Maine Masters — Film on Robert Shetterly and Americans Who Tell the Truth

Robert Shetterly, political artist and former president of the Union of Maine Visual Artists, and his project, Americans Who Tell the Truth: Models of Courageous Citizenship have become the subject of the latest episode in the Maine Masters film series directed by Richard Kane.  The film is entitled Our Children’s Future.

The film project was launched November 27, 2018 to document events surrounding the first time that Shetterly’s full collection of 238 portraits was displayed in public.  The exhibit, running through December 14, 2018, is sponsored by Syracuse University’s Maxwell School of Citizenship Tanner Lecture series.  The November 29th lecture was comprised of a panel which included Shetterly and two of his subjects:  Dr. Mona Hanna-Attisha, of Flint, Michigan, the whistle blower who sounded the alarm about the high presence of lead in Flint’s drinking water; and Richard Bowen who blew the whistle on Citibank’s fraudulent subprime mortgage practices that helped lead to the US financial crisis of 2008.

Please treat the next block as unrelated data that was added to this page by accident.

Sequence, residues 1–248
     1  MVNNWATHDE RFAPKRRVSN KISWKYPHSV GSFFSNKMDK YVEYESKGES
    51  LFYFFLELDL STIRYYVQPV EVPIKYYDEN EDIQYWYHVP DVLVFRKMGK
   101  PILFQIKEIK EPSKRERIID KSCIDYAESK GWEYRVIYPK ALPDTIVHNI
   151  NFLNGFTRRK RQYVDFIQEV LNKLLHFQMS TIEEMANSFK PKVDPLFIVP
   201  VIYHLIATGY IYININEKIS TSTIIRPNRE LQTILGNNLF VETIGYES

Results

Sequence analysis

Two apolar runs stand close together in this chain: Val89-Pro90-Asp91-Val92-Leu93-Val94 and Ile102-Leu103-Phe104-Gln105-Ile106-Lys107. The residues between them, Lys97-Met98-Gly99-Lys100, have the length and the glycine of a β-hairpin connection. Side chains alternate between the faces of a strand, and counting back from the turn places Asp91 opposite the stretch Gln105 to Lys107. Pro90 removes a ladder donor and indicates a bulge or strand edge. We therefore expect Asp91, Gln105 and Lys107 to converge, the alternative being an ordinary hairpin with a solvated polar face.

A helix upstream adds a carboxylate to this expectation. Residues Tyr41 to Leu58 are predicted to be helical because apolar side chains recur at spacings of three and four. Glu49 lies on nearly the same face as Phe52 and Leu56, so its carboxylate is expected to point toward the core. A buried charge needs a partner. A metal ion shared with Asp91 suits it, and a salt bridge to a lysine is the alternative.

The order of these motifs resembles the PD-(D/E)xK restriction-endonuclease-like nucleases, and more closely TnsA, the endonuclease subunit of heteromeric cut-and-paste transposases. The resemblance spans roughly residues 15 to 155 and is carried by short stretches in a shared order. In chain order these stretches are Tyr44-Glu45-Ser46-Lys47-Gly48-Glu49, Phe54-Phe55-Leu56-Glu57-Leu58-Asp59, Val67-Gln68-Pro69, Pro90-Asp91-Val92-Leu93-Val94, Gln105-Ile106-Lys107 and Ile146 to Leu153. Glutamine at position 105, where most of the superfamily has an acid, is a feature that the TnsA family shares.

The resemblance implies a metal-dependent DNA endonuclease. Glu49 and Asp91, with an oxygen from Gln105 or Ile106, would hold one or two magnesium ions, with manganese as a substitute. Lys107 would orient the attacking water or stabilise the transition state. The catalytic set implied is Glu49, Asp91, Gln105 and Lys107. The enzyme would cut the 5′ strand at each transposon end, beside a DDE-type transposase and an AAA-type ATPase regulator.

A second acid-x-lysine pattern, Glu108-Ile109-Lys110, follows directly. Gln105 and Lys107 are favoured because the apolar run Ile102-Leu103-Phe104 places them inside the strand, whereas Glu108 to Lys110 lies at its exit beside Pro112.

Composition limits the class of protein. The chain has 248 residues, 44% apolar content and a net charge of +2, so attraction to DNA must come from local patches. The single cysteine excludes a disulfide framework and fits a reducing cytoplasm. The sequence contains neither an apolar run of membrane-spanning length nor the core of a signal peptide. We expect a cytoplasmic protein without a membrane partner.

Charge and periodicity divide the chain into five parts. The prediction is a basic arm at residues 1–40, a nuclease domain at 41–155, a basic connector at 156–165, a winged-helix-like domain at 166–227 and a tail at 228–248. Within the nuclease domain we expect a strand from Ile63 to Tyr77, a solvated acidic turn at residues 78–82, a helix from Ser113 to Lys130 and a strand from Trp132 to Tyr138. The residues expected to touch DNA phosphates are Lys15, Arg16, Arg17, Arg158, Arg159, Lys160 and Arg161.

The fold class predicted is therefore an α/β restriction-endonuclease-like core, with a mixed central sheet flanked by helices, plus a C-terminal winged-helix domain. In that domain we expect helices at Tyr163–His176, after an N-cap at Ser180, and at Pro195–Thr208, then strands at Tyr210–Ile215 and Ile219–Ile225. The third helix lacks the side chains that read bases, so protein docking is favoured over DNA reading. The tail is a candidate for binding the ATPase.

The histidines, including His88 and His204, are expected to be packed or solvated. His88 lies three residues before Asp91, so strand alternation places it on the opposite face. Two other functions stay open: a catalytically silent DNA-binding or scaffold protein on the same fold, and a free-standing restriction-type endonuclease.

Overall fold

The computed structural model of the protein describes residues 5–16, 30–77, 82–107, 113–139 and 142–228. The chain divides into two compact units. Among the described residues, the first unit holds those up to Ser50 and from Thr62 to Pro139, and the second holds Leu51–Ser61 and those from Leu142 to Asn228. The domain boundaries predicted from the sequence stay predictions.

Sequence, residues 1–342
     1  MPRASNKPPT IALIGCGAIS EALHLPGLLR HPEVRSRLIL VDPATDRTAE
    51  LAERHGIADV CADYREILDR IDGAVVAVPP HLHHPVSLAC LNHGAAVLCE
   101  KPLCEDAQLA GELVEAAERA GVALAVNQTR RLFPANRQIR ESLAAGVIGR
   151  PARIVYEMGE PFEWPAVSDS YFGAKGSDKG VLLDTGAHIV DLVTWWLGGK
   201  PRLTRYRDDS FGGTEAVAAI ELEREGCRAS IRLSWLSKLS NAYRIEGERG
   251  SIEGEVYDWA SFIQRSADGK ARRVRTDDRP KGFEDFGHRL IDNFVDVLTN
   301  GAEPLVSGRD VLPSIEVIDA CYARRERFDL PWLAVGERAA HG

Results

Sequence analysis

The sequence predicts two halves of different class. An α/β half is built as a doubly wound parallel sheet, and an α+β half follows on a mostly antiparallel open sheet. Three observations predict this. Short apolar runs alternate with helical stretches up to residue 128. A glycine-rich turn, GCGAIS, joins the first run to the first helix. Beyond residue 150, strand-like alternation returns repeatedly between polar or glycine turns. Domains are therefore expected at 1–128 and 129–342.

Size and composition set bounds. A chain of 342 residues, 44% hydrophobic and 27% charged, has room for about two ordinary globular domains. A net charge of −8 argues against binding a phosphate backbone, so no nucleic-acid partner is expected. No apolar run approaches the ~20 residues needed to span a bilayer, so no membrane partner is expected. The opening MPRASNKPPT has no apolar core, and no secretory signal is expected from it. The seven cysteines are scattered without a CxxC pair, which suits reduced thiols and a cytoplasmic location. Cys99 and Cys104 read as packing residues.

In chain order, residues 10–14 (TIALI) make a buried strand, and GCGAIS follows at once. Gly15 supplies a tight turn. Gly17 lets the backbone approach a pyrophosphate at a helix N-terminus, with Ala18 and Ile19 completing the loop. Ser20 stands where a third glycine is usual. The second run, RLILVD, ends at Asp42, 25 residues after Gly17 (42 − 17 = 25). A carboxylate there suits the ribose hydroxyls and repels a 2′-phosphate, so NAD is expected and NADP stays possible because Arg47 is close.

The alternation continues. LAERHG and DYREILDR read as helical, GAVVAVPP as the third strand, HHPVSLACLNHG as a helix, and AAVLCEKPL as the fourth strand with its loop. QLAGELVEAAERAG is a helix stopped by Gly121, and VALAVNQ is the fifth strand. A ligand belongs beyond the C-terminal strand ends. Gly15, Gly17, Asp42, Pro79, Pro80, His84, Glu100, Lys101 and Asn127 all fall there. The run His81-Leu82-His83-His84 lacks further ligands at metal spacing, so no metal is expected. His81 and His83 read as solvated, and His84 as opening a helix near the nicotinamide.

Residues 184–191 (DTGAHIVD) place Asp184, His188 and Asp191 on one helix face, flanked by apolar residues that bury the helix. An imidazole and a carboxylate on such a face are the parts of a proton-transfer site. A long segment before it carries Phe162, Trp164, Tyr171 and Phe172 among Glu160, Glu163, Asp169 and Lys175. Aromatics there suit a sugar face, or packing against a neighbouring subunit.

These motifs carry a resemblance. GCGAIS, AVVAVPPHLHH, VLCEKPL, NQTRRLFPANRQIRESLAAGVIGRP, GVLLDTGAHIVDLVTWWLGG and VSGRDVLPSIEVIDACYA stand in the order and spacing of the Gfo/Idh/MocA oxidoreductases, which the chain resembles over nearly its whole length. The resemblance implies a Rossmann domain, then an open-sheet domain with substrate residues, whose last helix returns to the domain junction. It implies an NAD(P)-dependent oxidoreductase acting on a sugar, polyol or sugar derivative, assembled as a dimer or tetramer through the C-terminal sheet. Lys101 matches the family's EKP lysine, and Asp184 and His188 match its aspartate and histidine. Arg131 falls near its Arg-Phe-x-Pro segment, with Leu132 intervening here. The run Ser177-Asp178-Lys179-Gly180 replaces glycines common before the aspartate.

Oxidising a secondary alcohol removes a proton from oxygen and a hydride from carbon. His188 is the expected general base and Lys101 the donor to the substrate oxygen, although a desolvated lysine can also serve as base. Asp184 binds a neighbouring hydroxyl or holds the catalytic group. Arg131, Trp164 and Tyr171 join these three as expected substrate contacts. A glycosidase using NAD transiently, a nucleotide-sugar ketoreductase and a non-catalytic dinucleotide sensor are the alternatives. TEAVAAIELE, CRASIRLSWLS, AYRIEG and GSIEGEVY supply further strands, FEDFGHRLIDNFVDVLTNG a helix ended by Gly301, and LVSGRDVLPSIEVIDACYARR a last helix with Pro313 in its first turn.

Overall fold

According to film director Kane, “One of Rob’s greatest contributions is how he models what Americans can do now to effect change.  He gives us the confidence to act.  People don’t have to stand by while the climate wreaks havoc on our planet.”

The film will bring new and wider attention to the importance of speaking truth to power, to have the courage to build a society where all people are respected, where hatred is rejected, where embracing diversity is the source of our strength.

Rob quotes Frederick  Douglass, one of his first portraits:

“Find out what any people will quietly submit to and you have found out the exact measure of injustice and wrong that will be imposed on them.”

This is the principle, the principle of moral courage, that runs throughout the struggle against slavery, against racism, for women’s rights, for workers rights, for indigenous rights, against child labor, for gender rights, for environmental rights.  It is our common humanity, our common dignity that will bring us together to fight for the rights and survival of all species.